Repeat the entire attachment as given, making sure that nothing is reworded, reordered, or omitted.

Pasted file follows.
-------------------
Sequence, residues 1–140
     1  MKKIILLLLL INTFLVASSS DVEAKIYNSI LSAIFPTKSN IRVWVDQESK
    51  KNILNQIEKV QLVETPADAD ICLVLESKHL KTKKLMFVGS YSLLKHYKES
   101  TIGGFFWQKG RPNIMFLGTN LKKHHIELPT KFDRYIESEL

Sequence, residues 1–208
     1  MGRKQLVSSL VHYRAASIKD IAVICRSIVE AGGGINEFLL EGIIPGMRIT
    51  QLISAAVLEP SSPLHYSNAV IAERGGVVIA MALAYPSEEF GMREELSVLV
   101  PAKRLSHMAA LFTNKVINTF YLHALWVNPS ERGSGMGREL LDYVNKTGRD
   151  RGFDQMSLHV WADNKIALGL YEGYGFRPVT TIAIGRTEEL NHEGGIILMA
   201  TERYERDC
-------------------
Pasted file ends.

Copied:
Sequence, residues 1–140
     1  MKKIILLLLL INTFLVASSS DVEAKIYNSI LSAIFPTKSN IRVWVDQESK
    51  KNILNQIEKV QLVETPADAD ICLVLESKHL KTKKLMFVGS YSLLKHYKES
   101  TIGGFFWQKG RPNIMFLGTN LKKHHIELPT KFDRYIESEL

Sequence, residues 1–208
     1  MGRKQLVSSL VHYRAASIKD IAVICRSIVE AGGGINEFLL EGIIPGMRIT
    51  QLISAAVLEP SSPLHYSNAV IAERGGVVIA MALAYPSEEF GMREELSVLV
   101  PAKRLSHMAA LFTNKVINTF YLHALWVNPS ERGSGMGREL LDYVNKTGRD
   151  RGFDQMSLHV WADNKIALGL YEGYGFRPVT TIAIGRTEEL NHEGGIILMA
   201  TERYERDC